The protagonist faces a problem and tries to overcome it. This is the essence of drama and the key to good storytelling.

Without problems, without troubles and tensions, there’s no story. There’s nothing to engage us.

The hero must face his problem, surmount his fear, resolve his tension. In so doing, he advances forward in his development toward greater competence and maturity.

Two Ways to Use Stories in Your Business

Brand messaging is the most common way to use stories in business. Advertisers use stories to communicate to customers on the subconscious level through emotions, images, and symbols.

The other use of story is far less known, but even more valuable when used appropriately. Instead of telling your customers your stories, try listening to theirs.

You’ll be amazed at what you can learn and discover.

Our personal stories are individual expressions of cultural narratives and universal themes of the collective unconscious of mankind. Our stories are part of what bind us together in the human family.

We each have our own stories to live and tell, some personal, others cultural.

These personal and cultural narratives are gateways into your customers’ psyches. When interpreted correctly, stories can be a powerful source of customer insights.

Your Hero-Customers Are Counting On You

The archetypal hero’s journey is hard-wired into your customers’ psyches. Learning how that story expresses itself in your customers’ lives provides powerful insights for better serving them.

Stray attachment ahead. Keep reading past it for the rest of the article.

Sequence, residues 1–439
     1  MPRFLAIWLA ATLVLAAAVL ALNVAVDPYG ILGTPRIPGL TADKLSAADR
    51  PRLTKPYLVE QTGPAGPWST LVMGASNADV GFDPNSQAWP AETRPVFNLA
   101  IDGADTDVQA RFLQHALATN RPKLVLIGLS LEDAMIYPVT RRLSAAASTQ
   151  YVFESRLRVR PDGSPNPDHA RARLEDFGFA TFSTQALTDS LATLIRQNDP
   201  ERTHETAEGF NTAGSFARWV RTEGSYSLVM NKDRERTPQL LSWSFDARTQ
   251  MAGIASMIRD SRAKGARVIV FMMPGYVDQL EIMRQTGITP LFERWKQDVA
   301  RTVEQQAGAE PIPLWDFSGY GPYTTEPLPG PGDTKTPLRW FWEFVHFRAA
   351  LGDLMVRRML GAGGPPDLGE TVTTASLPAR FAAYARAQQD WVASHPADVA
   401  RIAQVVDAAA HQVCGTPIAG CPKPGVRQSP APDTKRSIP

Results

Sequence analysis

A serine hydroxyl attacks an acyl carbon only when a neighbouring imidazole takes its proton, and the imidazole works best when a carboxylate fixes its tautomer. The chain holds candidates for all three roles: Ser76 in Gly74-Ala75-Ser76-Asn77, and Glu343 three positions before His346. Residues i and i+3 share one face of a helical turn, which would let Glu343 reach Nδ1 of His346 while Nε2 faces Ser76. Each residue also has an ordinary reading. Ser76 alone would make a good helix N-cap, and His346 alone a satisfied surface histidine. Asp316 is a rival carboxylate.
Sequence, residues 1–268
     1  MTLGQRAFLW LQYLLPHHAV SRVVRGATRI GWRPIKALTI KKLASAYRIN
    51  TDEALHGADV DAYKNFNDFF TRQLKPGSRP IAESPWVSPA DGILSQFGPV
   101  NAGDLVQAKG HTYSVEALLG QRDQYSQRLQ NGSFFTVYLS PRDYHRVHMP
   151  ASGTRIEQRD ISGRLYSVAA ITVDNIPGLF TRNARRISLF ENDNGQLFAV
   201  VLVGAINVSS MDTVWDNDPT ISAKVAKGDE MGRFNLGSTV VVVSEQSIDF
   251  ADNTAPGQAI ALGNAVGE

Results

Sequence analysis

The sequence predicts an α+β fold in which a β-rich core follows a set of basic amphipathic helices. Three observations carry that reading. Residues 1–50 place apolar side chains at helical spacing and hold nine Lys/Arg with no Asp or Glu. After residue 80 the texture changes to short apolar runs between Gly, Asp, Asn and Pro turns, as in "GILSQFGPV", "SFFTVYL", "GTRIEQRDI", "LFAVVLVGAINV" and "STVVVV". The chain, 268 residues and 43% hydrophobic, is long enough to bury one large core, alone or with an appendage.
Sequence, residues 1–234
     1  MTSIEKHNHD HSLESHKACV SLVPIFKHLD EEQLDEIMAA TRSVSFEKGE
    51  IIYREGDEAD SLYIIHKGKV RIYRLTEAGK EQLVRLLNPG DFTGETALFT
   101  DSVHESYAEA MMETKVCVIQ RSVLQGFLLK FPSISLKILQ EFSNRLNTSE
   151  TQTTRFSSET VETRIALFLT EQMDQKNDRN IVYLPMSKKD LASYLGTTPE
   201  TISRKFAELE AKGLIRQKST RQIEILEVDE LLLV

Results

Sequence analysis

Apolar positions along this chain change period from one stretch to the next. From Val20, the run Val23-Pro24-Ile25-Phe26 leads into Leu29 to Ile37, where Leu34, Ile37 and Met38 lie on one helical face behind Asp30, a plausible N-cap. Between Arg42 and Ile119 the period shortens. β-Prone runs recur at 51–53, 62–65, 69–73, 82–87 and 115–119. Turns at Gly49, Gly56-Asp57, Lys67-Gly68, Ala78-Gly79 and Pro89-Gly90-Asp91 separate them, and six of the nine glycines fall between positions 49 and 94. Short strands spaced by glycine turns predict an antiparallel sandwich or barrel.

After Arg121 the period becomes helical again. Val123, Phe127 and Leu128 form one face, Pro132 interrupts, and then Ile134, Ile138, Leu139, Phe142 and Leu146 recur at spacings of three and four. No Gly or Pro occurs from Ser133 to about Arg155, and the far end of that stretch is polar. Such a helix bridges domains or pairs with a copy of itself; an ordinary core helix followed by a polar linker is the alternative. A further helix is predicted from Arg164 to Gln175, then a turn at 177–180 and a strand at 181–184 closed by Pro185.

All of your customers have stories. They are all in the process of becoming—starting at one point in space and time, looking to go to another, better place in the future.

You might be able to help them get there, but first you have to know where they are and what’s standing in the way of their transformation.

Businesses that help elevate their customers—that find ways to support their personal transformations in even a small way—hold a special place in the hearts and mind of their customers.

When we know what stories are near and dear to our Brand Lovers’—our best customers’—hearts and minds, we know what’s driving them. Then, we are better equipped to connect and build stronger relationships with them.

What are the stories that most influence your best customers?

Effective Advertising: The Three Acts of Your Customers’ Journey

Effective Advertising: Understand The tension. Agitate the tension. Solve the tension.

Brian is a 40-year-old executive at a software company. He’s married with two kids. Between work and family life, Brian hasn’t had much free time. But, Brian has a warrior in him screaming for actualization. He wants to train and complete a triathlon.

Brian is married to Laura. Laura has been a stay-at-home mom for the last fifteen years. It was a rewarding experience but Laura studied entrepreneurship in college. Now that both her kids are in high school, her inner entrepreneur is commanding her to start a business.